The Bainbridge was among several U.S. ships that had been patrolling the region when the 17,000-ton Alabama, carrying U.N. food aid for East Africa, was attacked. It was the sixth vessel to be hit by pirates in a week.
After the pirates came aboard the Alabama, Phillips told the rest of his crew by radio to lock themselves away in a room, according to the wife of Ken Quinn, a second mate on the vessel.
"He said the pirates were desperate," said Zoya Quinn of Bradenton, Fla., who spoke to her husband via phone and e-mail. "They were going all over the stairs, back and forth, trying to find them and they couldn't find them."
Quinn and the crew held one of the pirates for about 12 hours before releasing him in hopes of winning Phillips' freedom, she said, adding that the crew communicated with the bandits with hand signals until they left with the captain.
Quinn said he dressed an injured pirate's cuts with bandages "because he was bleeding all over the ship," she said, adding it was unclear how he was hurt.
Joseph Murphy said most of the lifeboats are about 28 feet long and carry water and food for 34 people for 10 days. The lifeboats are covered and the elder Murphy suspects the pirates have closed the ports to avoid sniper fire.
"I'll guarantee you that if they get all the ports closed, which they probably do, I'll tell you it's probably 100 degrees in there, no air flow, there's no toilet," he said.
'Pins and needles'
Phillips' family in Vermont said he surrendered himself to the pirates to secure the safety of the crew.
"What I understand is that he offered himself as the hostage," said Gina Coggio, 29, half sister of Phillips' wife, Andrea. Coggio said she believed there were negotiations under way, although she didn't specify between whom.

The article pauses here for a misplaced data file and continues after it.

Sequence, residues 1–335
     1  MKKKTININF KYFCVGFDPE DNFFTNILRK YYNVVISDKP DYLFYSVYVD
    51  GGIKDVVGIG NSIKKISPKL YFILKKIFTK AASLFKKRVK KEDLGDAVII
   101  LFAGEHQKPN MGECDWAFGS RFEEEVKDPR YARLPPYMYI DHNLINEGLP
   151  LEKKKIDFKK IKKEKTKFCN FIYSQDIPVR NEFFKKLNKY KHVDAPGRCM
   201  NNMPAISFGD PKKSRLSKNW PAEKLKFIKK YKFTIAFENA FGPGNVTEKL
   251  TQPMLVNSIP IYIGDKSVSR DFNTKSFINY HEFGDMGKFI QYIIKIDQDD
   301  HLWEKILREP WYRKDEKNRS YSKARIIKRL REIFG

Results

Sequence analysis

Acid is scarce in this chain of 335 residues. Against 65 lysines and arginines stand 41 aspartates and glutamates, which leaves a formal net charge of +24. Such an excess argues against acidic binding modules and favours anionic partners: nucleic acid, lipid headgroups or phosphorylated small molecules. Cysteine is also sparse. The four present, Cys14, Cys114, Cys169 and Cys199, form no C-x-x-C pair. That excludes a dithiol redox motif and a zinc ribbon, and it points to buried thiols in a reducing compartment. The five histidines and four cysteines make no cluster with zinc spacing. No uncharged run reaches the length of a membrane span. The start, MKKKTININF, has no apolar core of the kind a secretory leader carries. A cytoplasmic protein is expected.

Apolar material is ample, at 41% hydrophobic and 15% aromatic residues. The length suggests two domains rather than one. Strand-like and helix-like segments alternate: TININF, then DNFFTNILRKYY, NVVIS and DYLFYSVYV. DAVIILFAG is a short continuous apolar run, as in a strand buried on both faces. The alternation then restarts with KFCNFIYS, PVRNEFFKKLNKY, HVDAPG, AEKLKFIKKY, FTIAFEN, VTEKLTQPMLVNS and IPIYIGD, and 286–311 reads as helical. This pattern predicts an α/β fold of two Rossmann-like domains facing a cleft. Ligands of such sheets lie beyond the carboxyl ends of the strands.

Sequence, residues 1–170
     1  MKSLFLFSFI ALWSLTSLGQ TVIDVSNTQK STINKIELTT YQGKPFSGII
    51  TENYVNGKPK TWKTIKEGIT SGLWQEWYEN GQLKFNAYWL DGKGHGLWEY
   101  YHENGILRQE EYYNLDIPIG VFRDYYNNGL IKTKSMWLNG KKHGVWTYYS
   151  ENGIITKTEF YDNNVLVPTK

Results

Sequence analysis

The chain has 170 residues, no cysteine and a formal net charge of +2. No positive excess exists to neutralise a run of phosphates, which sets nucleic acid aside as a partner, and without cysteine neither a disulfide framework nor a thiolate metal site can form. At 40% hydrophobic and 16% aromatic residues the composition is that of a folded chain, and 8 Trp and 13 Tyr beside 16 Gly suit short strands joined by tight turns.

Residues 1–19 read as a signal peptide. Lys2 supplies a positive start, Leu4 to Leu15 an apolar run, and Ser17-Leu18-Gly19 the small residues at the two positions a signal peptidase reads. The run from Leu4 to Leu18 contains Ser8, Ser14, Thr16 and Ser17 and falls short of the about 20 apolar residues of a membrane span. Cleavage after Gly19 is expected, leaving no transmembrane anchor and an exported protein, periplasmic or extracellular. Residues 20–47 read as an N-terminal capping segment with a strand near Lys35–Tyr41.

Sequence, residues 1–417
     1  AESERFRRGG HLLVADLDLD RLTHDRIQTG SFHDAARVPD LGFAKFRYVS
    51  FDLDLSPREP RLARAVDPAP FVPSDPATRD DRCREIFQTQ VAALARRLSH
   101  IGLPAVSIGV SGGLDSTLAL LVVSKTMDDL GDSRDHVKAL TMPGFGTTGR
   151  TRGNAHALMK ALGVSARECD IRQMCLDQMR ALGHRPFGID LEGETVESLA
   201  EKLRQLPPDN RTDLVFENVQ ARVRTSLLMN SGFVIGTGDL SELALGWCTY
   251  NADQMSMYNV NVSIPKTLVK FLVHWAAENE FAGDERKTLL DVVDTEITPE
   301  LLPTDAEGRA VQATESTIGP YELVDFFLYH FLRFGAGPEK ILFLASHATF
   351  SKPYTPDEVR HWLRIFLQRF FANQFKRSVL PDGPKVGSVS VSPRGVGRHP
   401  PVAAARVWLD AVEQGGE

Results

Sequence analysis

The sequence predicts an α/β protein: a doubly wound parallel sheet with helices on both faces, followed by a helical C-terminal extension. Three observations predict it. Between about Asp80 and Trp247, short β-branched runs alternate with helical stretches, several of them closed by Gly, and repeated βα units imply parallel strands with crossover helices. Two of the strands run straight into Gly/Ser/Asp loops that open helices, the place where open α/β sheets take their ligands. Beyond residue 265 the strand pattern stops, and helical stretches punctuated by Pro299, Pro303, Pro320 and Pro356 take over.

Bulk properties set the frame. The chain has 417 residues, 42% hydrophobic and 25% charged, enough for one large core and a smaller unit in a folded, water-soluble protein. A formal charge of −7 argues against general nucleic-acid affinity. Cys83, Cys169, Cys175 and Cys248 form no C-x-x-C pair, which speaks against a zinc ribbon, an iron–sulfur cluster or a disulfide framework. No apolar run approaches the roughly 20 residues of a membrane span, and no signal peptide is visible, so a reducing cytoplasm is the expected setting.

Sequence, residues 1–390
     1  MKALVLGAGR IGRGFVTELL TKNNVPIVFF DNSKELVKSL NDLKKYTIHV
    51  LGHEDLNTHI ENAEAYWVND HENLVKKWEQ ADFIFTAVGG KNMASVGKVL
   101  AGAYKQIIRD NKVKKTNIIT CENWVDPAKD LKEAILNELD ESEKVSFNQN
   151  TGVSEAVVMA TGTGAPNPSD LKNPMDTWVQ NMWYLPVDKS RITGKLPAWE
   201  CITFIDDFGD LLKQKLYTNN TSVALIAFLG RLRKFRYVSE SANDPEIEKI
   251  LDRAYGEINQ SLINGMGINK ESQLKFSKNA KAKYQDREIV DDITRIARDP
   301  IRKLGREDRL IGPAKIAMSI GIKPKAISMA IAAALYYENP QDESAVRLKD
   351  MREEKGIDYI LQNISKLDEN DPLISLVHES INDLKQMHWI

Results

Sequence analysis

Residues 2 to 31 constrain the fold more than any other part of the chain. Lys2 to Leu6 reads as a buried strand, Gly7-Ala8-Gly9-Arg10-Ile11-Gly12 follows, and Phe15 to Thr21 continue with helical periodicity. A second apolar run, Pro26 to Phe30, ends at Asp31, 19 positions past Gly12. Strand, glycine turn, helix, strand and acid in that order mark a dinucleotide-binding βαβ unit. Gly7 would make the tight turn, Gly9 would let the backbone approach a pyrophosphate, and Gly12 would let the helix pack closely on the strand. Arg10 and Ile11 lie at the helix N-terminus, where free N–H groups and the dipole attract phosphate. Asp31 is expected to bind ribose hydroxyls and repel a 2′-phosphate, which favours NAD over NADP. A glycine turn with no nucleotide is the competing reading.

"We are on pins and needles," said Coggio, 29, speaking from the family's Vermont farmhouse.
Steve Romano, a retired head of the FBI hostage negotiation team, said he doesn't recall the FBI ever negotiating with pirates before, but he said this situation is similar to other standoffs. The difficulty will be negotiating with people who clearly have no way out, he said.
"There's always a potential for tragedy here, and when people feel their options are limited, they sometimes react in more unpredictable and violent ways," Romano said.
Somali Foreign Minister Mohamed Omaar said the pirates "have got themselves into a situation where they have to extricate themselves because there is no way they can win."
With one warship nearby and more on the way, piracy expert Roger Middleton of the London-based think tank Chatham House said the pirates were in "a very, very tight corner."
"They've got only one guy, they've got nowhere to hide him, they've got no way to defend themselves effectively against the military who are on the way and they are hundreds of miles from Somalia," he said.
Other analysts say the U.S. will be reluctant to use force as long as one of its citizens remains hostage. French commandos, for example, have mounted two military operations against pirates once the ransom had been paid and its citizens were safe.
Many of the pirates have shifted their operations down the Somali coast from the Gulf of Aden to escape naval warship patrols, which had some success in preventing attacks last year.
Fending off attacks
Ship owners often do not arm their crews, in many cases because of the cargo. A Saudi supertanker hijacked last year carried 2 million barrels of oil, and a gunshot could have triggered an explosion because of the cargo's highly flammable vapor.
There is also the problem of keeping the pirates off the ships — once they're on board, they will likely fight back. Pirates travel in open skiffs with outboard engines, working with larger ships that tow them far out to sea. They use satellite navigational and communications equipment, and have an intimate knowledge of local waters, clambering aboard commercial vessels with ladders and grappling hooks.
Any blip on a ship's radar screens is likely to be mistaken for fishing trawlers or any number of smaller, non-threatening ships that take to sea every day. By the time anyone notices, pirates will have grappled their way onto the ship, brandishing AK-47s.